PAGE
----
HomeAbout UsStoriesA “Measured” Approach to Advance Green Chemistry

A “Measured” Approach to Advance Green Chemistry

Two chemists working in different settings bring a greener lens to the bench and empower others to do the same.

Dr. Ponnusamy wears a lab coat is writes out chemical compounds on glass with a marker.

Dr. Ettigounder (“Samy”) Ponnusamy is key leader in green chemistry at MilliporeSigma.

December 13, 2023 | 6 min

In the early 2000s, Dr. Ettigounder (“Samy”) Ponnusamy was working as a scientist at MilliporeSigma in St. Louis, USA. He started a monthly call that ended up changing the course of his career. It left such an impact that years later, he remembers the call-in number and the exact time: every third Tuesday at 8 a.m.

He established the meetings because something bugged him. While he had a knack for developing new products — accumulating seven patents in seven years — he wasn’t satisfied. The more he looked around the industry, the more he felt there was an opportunity to make a change. An opportunity to think differently — to think greener — when developing a new product and process.

Those monthly calls were an important step in taking ideas into action. They started small, with just a handful of chemists. Over time, the numbers and interest grew. Ponnusamy began to realize that these conversations were not only worthwhile for chemists on the call but also worthwhile for business, and beyond. Since those early meetings, the interest in bringing a sustainable mindset into processes, operations and products has only intensified. Those conversations helped MilliporeSigma debut new greener products and, eventually, a tool to gauge how green (or not) chemical processes are.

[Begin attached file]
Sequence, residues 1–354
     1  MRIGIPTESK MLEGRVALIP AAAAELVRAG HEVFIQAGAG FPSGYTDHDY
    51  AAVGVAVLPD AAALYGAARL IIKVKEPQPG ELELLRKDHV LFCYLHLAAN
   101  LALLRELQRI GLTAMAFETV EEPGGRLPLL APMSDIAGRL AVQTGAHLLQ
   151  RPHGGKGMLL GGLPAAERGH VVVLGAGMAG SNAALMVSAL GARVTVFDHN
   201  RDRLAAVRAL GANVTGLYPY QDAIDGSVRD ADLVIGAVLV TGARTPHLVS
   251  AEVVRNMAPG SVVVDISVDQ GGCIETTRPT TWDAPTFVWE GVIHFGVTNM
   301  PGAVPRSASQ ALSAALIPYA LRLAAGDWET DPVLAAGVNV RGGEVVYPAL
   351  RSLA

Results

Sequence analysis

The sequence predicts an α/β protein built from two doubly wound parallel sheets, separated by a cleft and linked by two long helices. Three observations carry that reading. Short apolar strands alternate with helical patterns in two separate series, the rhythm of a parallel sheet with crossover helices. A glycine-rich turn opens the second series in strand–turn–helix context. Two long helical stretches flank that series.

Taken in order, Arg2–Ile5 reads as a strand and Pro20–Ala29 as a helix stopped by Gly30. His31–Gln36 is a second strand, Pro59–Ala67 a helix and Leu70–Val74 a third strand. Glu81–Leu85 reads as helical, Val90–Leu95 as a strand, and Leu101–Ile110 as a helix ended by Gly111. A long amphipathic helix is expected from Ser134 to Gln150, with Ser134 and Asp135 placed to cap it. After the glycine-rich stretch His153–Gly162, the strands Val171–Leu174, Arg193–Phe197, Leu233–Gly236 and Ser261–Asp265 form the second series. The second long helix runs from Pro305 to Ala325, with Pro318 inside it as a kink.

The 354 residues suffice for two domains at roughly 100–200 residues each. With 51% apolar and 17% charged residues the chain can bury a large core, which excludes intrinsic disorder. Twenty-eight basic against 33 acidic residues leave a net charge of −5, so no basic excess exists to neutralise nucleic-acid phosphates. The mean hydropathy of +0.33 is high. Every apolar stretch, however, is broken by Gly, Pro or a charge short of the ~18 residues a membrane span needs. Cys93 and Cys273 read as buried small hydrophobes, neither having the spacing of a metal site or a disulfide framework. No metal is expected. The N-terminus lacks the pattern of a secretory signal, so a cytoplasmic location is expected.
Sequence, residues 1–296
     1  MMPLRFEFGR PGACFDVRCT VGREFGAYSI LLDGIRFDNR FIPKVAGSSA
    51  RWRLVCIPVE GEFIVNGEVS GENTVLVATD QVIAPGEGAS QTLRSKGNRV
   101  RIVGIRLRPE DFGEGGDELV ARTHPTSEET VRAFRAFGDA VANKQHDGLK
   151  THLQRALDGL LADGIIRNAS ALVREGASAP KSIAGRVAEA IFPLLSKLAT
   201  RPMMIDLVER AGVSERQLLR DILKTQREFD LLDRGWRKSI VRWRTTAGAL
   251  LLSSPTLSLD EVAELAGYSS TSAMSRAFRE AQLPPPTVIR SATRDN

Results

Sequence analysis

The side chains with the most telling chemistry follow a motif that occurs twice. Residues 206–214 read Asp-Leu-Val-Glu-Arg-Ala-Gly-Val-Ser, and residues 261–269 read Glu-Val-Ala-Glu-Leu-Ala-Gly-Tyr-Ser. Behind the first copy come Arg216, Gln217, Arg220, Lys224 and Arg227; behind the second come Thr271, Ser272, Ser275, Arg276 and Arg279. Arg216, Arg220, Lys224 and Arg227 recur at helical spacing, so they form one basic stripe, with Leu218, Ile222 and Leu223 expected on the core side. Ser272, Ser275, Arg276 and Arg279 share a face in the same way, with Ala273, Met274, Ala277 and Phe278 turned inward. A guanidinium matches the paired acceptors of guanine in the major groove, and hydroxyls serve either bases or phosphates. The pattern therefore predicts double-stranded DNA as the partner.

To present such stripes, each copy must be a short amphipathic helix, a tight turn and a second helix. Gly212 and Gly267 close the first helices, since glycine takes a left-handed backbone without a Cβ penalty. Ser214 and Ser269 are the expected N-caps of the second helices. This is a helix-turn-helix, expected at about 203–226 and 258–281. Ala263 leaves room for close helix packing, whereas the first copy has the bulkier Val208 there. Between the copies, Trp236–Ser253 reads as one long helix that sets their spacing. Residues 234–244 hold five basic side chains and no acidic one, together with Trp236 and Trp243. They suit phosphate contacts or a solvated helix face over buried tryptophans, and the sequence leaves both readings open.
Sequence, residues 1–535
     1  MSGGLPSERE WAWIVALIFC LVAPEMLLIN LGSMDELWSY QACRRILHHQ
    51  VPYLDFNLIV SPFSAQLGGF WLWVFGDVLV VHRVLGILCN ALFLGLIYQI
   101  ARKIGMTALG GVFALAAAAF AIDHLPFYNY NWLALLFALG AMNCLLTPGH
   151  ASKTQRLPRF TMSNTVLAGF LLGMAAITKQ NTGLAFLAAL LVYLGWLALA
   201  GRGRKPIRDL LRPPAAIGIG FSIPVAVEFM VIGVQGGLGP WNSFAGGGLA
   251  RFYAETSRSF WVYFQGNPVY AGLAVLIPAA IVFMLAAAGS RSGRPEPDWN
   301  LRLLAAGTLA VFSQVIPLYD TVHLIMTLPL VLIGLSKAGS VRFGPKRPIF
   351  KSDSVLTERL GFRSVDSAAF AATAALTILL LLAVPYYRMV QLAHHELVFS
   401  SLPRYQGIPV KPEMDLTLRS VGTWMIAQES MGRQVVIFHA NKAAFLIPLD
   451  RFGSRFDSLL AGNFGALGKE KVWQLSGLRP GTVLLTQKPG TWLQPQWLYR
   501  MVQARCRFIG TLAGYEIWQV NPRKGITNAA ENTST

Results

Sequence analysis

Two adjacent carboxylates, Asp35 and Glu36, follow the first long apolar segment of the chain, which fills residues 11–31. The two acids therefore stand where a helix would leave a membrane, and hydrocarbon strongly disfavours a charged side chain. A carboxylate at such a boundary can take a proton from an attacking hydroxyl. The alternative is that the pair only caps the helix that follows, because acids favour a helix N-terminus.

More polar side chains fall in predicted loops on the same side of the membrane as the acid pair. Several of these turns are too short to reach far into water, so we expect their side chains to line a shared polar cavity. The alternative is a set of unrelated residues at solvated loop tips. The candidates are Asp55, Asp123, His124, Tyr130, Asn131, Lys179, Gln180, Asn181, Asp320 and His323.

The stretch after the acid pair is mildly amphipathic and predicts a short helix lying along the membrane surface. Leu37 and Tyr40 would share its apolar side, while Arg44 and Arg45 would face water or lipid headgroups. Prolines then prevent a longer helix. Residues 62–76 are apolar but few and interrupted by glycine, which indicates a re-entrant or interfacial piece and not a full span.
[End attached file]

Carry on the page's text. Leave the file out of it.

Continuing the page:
Going Greener

The field of green chemistry — which aims to reduce the impact of chemicals on human health and the environment — emerged in the early 1990s. Green chemistry was established by the 12 Principles of Green Chemistry that consider the full life cycle of a product, from material sourcing to waste management, and everything in between. While the principles themselves are widely applicable, it’s hard for researchers to quickly assess how green (or not) their products or processes are.

Ponnusamy and other chemists who joined the monthly call experienced this firsthand. They wanted to generate a single score to show the overall greenness of a chemical product or process. Ultimately, the chemists, with the help of bioinformatic experts, came up with DOZN, the first and only tool of its kind.

DOZN debuted to the public in May 2019 to quick acclaim. The tool has won numerous awards over the years and currently has thousands of registered users. It empowers scientists to carry out meaningful research while helping them reduce their environmental footprint. There is almost always more than one process that chemists can take to create a target molecule. These different synthesis processes often take different raw materials and create different byproducts. Using DOZN, chemists can directly compare how these approaches stack up based on green chemistry principles.

In some cases, small changes at the beginning stages of development turn into major improvements to a product’s greenness when produced at larger scales. This is the power of DOZN.

For Ponnusamy, the inspiration is simple. “I want to be a better chemist and a better model for future chemists,” he says. “Chemistry is going to change global sustainability.”